In Creating Classrooms for Equity and Social Justice, I really appreciated the section about Culturally and Linguistically Inclusive and empowering [classrooms]. I liked this section because I really love the concept of “it is okay to make mistakes” both student and teacher. This section discusses how as teachers we have to admit that we do not know everything, especially when it comes to cultures and races that are not our own. I never even thought about extending out to a parent of colour to ask them about their practices and what they believe that is different then mine. I love this idea because it is just like brining in an Elder from the Indigenous culture into the room. It provides for great learning experiences for both the teacher and the class. It also incorporates the curriculum into the “real world” and community. The benefits are endless.
I also loved the section Hopeful, Joyful, Kind, and Visionary [classrooms]. This section hit home for me because I was bullied in both elementary and high school. I want to be the teacher who eliminates bullying. I do not want that in my classroom. This section gave me hope for a bullying free classroom because if we as teachers do not have a room that is inviting both emotionally and physically then students will not share their true thoughts about something and they will not be able to care or trust each other. Building a community of trust, hope, and love I believe is the key to a bullying free room. Everyone has a story; we just have to listen to it.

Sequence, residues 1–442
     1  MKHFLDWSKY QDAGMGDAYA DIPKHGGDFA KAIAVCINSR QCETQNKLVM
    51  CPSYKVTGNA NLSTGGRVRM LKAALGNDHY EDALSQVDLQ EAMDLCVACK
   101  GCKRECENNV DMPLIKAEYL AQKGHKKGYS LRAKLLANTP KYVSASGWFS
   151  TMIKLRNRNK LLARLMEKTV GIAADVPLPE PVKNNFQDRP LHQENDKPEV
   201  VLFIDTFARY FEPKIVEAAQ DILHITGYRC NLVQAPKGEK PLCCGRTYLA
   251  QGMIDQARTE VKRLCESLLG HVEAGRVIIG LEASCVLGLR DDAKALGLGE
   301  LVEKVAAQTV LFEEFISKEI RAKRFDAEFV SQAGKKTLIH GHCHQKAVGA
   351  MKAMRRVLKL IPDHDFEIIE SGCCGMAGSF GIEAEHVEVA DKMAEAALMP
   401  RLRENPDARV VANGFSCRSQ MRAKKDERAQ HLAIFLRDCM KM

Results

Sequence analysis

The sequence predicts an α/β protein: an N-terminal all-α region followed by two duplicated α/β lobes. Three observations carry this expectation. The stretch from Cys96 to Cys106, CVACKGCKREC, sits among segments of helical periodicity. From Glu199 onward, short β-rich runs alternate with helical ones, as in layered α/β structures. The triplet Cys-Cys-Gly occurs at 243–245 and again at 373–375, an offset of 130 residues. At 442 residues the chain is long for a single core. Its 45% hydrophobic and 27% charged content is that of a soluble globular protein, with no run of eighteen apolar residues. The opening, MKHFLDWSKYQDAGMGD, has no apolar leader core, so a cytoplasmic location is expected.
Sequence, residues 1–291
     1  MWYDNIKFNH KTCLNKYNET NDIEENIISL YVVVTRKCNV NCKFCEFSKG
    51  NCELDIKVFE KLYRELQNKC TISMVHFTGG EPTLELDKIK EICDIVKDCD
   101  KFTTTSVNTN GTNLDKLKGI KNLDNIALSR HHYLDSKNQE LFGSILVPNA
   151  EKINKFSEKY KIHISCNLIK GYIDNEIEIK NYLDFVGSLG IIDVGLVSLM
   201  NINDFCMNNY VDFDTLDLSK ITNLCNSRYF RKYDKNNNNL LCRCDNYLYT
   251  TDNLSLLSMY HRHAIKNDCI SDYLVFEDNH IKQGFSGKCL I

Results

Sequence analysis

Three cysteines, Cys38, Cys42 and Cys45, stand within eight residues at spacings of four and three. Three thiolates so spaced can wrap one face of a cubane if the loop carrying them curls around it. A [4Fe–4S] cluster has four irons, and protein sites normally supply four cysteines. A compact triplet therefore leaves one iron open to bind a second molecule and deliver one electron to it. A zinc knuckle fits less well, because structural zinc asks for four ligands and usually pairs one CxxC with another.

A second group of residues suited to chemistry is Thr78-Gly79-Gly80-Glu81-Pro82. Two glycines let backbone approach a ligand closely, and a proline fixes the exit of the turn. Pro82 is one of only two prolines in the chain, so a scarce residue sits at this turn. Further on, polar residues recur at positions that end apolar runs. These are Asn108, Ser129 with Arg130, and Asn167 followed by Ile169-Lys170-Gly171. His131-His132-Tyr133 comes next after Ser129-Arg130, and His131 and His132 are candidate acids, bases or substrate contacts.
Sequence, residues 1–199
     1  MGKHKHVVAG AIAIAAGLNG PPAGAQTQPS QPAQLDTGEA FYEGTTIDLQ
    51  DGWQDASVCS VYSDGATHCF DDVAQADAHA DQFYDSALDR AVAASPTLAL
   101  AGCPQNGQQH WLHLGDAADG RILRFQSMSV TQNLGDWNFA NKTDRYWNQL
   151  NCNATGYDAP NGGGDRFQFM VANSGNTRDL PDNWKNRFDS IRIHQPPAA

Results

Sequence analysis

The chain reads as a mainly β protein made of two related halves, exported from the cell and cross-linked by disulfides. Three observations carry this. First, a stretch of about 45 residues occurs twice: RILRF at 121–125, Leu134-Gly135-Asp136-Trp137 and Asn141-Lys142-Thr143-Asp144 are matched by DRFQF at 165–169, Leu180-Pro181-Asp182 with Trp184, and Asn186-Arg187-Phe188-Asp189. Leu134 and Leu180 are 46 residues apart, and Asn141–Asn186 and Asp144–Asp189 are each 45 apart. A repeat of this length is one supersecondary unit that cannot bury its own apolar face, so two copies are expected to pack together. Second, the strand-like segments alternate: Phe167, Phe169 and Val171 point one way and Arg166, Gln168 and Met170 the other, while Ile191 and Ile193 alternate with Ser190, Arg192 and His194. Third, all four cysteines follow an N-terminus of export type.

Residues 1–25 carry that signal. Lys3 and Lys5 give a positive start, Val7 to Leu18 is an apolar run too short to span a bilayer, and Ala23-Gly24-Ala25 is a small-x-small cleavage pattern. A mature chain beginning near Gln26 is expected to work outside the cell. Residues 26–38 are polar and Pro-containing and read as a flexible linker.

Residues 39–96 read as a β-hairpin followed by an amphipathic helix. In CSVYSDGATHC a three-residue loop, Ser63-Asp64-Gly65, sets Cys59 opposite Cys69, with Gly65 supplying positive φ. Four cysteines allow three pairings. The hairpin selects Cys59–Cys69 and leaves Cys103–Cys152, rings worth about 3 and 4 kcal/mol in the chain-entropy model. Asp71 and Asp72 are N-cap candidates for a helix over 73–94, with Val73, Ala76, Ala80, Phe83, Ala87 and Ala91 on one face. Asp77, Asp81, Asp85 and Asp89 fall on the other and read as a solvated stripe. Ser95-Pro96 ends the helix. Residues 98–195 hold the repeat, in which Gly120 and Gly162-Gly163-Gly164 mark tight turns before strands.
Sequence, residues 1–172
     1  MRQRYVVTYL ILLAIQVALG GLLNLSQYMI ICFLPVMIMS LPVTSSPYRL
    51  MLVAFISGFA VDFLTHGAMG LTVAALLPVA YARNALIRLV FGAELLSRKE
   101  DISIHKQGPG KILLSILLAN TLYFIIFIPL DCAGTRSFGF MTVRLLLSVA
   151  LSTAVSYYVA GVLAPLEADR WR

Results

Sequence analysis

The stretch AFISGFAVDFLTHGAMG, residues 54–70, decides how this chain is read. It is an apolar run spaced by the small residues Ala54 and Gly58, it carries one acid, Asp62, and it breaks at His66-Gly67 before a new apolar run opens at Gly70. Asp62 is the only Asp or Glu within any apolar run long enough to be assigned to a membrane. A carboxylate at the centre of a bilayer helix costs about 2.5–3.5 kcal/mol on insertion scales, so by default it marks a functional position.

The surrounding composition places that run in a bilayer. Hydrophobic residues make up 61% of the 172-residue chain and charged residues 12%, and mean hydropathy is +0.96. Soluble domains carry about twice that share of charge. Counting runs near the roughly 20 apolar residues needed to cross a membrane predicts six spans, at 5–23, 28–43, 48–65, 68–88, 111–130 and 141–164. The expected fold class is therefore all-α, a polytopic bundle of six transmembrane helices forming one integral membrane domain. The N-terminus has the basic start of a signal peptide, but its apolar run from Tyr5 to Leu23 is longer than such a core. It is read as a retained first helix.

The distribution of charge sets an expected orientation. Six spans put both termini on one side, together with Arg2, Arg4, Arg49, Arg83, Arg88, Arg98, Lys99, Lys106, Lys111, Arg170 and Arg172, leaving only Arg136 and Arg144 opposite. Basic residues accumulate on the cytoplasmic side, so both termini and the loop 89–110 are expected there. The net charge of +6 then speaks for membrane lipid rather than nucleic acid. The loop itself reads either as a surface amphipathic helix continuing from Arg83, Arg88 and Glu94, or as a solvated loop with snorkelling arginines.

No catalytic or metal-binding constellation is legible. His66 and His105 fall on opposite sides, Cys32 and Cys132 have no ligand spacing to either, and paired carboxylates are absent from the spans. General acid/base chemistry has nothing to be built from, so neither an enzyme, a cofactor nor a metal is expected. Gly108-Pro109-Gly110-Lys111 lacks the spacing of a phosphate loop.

In the question and answer section of My Students don’t bring back their homework. Should I keep assigning it? I found it to ask a lot of important questions right at the beginning. What is the purpose of homework? It is supposed to connect students to what they are learning and reinforce concepts learned in class. As teachers we want our students to be engaged and to always be learning something new. If a teacher does the same routine (ie: lecture and homework), how is a child supposed to be engaged in what they are doing? I loved when one of my professors talked about hooks to a lesson. Not every lesson needs a hook but at least one a day does so students are guessing what is going to happen next. It makes for a fun and inviting experience. If homework is assigned, I agree that it should be engaging. Even if it is an essay, have an essay topic that intrigues students so they don’t have the thought process of “I hate school” and “I hate English”. School should be fun and not boring. I dislike homework just as much as anyone and if I can somehow change this practice even slightly, I believe could potentially make a difference.